Well, at least they covered it. That’s the best that can be said about the New York Times story by Vivian Yee on the front of Wednesday’s Metro section about a racial hate-crime hoax at the University of Albany: “Racism Allegations, and Their Unraveling, Upset a College Campus.” Three black female students who initially blamed "white men" for racial attacks on a bus were instead charged themselves with misdemeanor assault against a white woman. But Yee did her defensive best to make it still somehow the fault of whites and conservatives and to lament the missed opportunity for racial enlightenment.
The allegation set social media ablaze, sowing shock and outrage as it went: Three black students at the University at Albany had been attacked on a city bus by a group of white men who used racial slurs as other passengers and the driver sat silently by.
The Jan. 30 episode, reported to the police, would draw hundreds of people to a campus rally against racism; an emotional response from the university’s president; and even the attention of Hillary Clinton, who condemned the attack on Twitter.
But only a few weeks later, what seemed to be the latest iteration of a now-familiar debate about race on campus -- the protests, the anguished soul-searching, the calls for greater faculty diversity and administrative changes -- has metastasized into a controversy of an even more scorching kind: the allegation, the authorities said, was a lie.
Surveillance videos did not support the accounts of the young women, Ms. Burwell, Alexis Briggs and Ariel Agudio. Neither did the statements of multiple fellow passengers. Rather than being victims of a hate crime, the authorities said, the women had been “the aggressors,” hitting a 19-year-old white woman on the bus.
The three were charged and pled not guilty to misdemeanor assault. But Yee did her defensive best to make it still somehow the fault of whites and conservatives.
It was a turnabout tailor-made to delight conservative media outlets and to ignite social-media recriminations. There were calls for the university’s president, Robert J. Jones, to apologize for his remarks, and for Mrs. Clinton, who is seeking the Democratic nomination for president, to remove her post on Twitter.
For students and activists in Albany and elsewhere, the stakes were greater. Many feared that the hard-won dialogue over racism on campus, the fragile moment of unity, would disappear under a wave of finger-pointing.
“People were forced to think about things that they didn’t think about, maybe, before,” said Amberly Carter, a coordinator at the university’s Multicultural Resource Center who helped organize the rally. “So do we now stop defending black women because of what happened?”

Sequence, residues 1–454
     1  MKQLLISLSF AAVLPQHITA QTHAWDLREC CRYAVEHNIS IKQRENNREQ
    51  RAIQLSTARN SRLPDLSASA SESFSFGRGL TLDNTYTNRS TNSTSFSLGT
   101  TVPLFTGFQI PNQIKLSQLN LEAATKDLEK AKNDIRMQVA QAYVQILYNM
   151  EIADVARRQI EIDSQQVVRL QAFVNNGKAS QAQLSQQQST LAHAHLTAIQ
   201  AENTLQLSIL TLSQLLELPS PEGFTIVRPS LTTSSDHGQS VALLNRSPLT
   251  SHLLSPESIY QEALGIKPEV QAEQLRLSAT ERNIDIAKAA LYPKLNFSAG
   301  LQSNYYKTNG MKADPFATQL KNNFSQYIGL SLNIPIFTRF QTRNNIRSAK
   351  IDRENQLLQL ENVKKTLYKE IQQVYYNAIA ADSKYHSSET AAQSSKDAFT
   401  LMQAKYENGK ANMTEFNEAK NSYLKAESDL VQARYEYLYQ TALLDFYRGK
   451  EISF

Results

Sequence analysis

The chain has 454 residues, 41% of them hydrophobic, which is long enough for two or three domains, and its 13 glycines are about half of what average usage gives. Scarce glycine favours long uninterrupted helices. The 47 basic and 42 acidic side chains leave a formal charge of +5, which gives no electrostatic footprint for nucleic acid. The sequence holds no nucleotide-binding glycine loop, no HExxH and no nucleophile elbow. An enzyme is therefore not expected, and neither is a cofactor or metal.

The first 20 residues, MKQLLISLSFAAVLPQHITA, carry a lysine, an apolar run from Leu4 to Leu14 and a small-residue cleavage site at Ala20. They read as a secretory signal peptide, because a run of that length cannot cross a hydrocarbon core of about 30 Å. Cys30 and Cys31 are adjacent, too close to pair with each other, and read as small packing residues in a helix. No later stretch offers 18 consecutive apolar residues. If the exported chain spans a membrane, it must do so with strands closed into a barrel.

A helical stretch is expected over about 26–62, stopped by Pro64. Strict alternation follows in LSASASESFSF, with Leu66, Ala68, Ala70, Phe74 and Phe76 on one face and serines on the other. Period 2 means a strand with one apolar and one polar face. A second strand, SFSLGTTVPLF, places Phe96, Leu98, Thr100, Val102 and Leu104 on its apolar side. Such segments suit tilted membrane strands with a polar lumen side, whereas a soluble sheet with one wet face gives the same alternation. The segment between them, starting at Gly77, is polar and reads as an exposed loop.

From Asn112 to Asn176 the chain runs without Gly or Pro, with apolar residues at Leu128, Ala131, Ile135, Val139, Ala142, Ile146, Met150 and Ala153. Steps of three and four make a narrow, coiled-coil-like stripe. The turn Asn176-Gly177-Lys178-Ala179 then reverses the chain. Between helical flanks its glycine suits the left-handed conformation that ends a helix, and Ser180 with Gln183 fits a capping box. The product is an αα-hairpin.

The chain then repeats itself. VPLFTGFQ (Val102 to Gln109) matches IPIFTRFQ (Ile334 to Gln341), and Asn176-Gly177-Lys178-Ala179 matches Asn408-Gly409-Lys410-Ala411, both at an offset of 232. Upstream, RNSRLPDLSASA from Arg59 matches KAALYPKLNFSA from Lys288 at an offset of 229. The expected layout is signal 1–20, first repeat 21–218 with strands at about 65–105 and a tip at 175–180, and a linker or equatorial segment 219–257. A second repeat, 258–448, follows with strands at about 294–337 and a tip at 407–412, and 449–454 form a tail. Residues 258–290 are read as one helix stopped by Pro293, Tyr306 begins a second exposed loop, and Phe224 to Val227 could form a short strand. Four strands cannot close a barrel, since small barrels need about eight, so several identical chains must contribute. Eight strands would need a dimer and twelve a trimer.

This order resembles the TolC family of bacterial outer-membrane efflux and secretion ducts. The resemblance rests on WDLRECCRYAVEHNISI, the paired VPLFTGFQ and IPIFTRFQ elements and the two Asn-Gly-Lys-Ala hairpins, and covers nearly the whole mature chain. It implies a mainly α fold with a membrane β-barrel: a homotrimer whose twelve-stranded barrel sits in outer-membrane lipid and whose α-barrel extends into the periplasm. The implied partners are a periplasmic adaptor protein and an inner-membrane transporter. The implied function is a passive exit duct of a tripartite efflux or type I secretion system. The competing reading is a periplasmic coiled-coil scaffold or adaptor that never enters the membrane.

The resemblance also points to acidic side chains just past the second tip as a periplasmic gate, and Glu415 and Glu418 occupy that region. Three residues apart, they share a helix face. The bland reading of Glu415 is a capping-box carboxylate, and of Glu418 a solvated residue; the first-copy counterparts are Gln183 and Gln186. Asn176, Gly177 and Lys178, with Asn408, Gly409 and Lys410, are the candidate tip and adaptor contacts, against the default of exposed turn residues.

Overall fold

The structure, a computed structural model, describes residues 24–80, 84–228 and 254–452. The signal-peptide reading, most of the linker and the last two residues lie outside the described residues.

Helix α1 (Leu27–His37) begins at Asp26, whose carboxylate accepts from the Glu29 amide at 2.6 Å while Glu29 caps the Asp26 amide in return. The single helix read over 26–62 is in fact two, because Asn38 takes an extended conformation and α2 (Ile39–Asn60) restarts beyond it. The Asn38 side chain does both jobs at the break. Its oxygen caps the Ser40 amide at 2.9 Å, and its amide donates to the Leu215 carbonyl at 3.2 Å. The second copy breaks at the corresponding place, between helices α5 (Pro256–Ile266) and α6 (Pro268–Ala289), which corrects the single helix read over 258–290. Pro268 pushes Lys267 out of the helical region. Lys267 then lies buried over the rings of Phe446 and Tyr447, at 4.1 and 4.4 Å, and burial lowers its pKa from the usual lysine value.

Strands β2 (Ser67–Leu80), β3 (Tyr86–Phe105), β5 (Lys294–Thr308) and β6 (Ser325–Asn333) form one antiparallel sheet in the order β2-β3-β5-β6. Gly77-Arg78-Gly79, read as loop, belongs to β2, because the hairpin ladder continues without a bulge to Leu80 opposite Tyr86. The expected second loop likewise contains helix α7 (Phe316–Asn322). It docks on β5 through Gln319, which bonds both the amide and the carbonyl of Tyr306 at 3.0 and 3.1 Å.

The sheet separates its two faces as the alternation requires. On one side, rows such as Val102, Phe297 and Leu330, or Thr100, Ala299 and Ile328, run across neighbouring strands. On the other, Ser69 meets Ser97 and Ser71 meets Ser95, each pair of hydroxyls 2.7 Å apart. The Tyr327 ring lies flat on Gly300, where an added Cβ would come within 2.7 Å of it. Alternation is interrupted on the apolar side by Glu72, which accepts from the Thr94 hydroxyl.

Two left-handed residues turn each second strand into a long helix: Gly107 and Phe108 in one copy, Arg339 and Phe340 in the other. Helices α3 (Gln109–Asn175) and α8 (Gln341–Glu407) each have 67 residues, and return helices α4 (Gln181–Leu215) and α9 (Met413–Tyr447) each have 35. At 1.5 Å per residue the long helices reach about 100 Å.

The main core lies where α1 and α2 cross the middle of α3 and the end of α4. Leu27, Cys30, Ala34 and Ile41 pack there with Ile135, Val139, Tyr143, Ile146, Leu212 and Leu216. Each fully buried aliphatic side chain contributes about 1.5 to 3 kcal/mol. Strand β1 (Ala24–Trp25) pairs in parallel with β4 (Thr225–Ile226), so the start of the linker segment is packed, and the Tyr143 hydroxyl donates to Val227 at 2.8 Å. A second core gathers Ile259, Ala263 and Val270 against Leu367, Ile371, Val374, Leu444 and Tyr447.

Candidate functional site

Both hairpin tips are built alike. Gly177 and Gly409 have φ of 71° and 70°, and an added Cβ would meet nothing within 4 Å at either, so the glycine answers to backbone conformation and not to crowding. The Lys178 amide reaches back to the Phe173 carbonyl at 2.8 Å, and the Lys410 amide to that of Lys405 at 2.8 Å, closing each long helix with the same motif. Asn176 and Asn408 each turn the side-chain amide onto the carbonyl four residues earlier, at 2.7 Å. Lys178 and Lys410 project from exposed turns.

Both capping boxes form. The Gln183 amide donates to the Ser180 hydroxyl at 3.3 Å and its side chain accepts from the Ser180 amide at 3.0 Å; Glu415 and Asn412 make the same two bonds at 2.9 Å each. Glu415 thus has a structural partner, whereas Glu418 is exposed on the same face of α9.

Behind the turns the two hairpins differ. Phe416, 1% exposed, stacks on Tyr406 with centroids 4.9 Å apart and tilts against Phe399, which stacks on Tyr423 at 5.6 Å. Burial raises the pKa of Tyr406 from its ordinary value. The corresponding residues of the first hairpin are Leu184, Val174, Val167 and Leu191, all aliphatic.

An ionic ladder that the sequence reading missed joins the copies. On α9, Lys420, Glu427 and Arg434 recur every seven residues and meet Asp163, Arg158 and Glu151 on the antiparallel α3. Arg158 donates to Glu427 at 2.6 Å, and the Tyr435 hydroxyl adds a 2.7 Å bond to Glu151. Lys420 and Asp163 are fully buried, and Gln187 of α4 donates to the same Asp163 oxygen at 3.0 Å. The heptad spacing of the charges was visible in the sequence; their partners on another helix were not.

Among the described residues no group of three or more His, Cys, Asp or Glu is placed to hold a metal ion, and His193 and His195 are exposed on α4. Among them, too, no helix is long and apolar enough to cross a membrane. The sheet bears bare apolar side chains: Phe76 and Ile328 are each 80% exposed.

Yee boldly suggested that “ingrained prejudice” against “minority women” may be driving the nasty people who insisted the hoax was a hoax:
But whatever solidarity emerged has fractured over the charges against the young women, putting their supporters on the defensive. Behind the rush to declare the matter a hoax, they say, is an ingrained prejudice against taking the concerns of minority women seriously.
Even the critics of the women Yee quoted were semi-supportive, with a professor even hoping that perhaps the assault on the young white woman was somehow provoked by previous unsubstantiated experiences.
Many of their peers, however, saw the videos and charges as evidence of betrayal.
“It’s disappointing and saddening that somebody who seemed to be trying to help the movement would be the one to set it back,” said Lauren Hospedales, a freshman, referring to Ms. Burwell. She said she was worried that “it’ll be harder for people to believe and support” minority women in similar situations in the future.
Yet, Ms. Hospedales added, “We needed her to get that conversation started, so it wasn’t a waste of time.”
Sami Schalk, an assistant professor in the university’s English department, who has devoted class time since the bus episode to talking through the implications with her students, said she was concerned that the women’s detractors had failed to consider the prejudice and “racialized language” the young women may have encountered on campus or before the bus ride that could have played a role in provoking the fight.
Whatever the outcome of the criminal cases, Professor Schalk said, the events had already served a useful purpose: making white students aware of the subtle slights that students of color regularly encounter.
So lying, and accusing imaginary racist “white men” to stir up racial agitation will somehow result in increased racial harmony? Journalist Yee, supposedly dedicated to fact-finding, didn’t argue the point. She ended her report with regret that the hoax would hinder future social justice warring.
Yet already, students said, their classmates -- on Twitter, on the anonymous bulletin-board app Yik Yak and in passing remarks -- had turned from conversations about discrimination and diversity to snickering about what they saw as the young women’s lies.